Bulgaria, Land of Roses



Over a very long weekend last Spring, Evan and I flew from Israel to Bulgaria, rented a car, and drove all over the Western part of the country. Nowhere I’ve visited is as underrated as Bulgaria, what a beautiful and seemingly untouched place!

Veliko Tarnovo, we just stopped by for lunch on our way to Buzludzha


Bulgaria’s quiet capital is set in a picturesque mountainous landscape– Vitosha mountain hits you smack in the face as soon as you land. We stepped out of the airport and both said “wow”. 

Visiting Sofia’s museums and religious sites will help you get a grasp of Bulgarian history and culture, which is much richer and interesting than I had ever anticipated. The city itself contains an eclectic mix of styles from all periods of history, from Ancient Greek to Brutalist to Modern. There are Ottoman mosques, Byzantine churches, Russian Orthodox cathedrals, and impressive Sephardic synagogues, so if you’re into architecture (or cheap beer) like me, you’ll love Sofia.

Inside the Sephardic Synagogue

After visiting various religious sites, we walked along Vitosha street to the ruins of Serdica, the Roman city upon which Sofia was built. 

Sofia’s recent history was characterized Socialism, and if you take a “Communist tour”, which I highly recommend, you’ll get to see the secret entrances of old government buildings, hidden symbols and hear about life under the Socialist regime. Most older people, like in other parts of the Balkans, have a nostalgia for the 1970’s-90’s because Bulgaria was economically doing much better under the Socialist regime than it is today.

Outside the National Palace of Culture, which I think is super ugly but the park around it is really lovely!

And if you haven’t had enough politics, there’s a Socialist Art museum just outside of the city, with vintage propaganda movies, music, sculptures. Public transit in Sofia really great, another product of the Socialist era!

We were stunned by the sheer amount of flowers everywhere. Bulgaria is the world’s biggest exporter of roses, but since it wasn’t quite rose season yet, the place was covered in red and yellow tulips instead.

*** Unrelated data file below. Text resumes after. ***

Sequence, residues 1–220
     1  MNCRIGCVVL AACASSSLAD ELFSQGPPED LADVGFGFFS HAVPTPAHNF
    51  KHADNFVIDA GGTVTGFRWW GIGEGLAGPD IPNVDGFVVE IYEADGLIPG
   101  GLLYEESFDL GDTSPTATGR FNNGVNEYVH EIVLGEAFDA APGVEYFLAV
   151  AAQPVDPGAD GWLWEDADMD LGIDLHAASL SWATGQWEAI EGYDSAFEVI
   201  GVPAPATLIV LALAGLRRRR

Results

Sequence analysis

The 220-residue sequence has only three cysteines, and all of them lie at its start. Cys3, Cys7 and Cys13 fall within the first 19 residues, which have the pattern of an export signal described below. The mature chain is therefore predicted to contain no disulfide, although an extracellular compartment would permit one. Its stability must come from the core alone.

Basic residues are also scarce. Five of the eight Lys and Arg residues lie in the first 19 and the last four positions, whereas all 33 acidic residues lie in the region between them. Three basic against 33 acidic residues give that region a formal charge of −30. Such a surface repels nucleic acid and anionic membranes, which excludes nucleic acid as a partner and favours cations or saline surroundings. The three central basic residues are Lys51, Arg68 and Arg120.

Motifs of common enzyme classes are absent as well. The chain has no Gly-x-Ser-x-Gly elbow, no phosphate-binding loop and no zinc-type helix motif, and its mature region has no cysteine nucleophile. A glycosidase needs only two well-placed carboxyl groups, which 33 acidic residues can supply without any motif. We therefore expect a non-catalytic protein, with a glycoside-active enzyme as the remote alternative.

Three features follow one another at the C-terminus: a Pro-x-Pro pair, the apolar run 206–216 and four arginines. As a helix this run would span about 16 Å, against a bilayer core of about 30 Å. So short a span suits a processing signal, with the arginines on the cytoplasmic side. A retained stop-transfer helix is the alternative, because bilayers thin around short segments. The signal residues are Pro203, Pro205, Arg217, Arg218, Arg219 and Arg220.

Tulips blooming in late April

Rose season is in June and is apparently insanely busy, so we figured we’d go early and beat the crowds. I definitely would recommend it, because there weren’t any tourists. But, of course, now I want to go back to see the roses!


Our third day, we, on a whim, drove half-way across the country and snuck into the abandoned former communist HQ. You can read about THAT adventure here: Exploring Buzludzha, the Abandoned Communist Headquarters of Bulgaria

We drove hours and hours to get here.. and it was worth every second,

Hands down one of the coolest things I’ve ever done.


Bulgaria’s second largest city, Plovdiv, is set to be 2019’s European Capital of Culture– this is the traditional Bulgarian town. The ‘Capital of Culture’ program picks a city each year to host traditional and pan-European events, and in turn, helps to revitalize the city and increase tourism.

If you’re interested in pretty houses and cafes, souvenir shopping, and local art, Plovdiv is your kind of town. In the heart of the ‘Creative district’, ice cream parlors and beer gardens serve to the large student population.

Drone shot of the old town of Plovdiv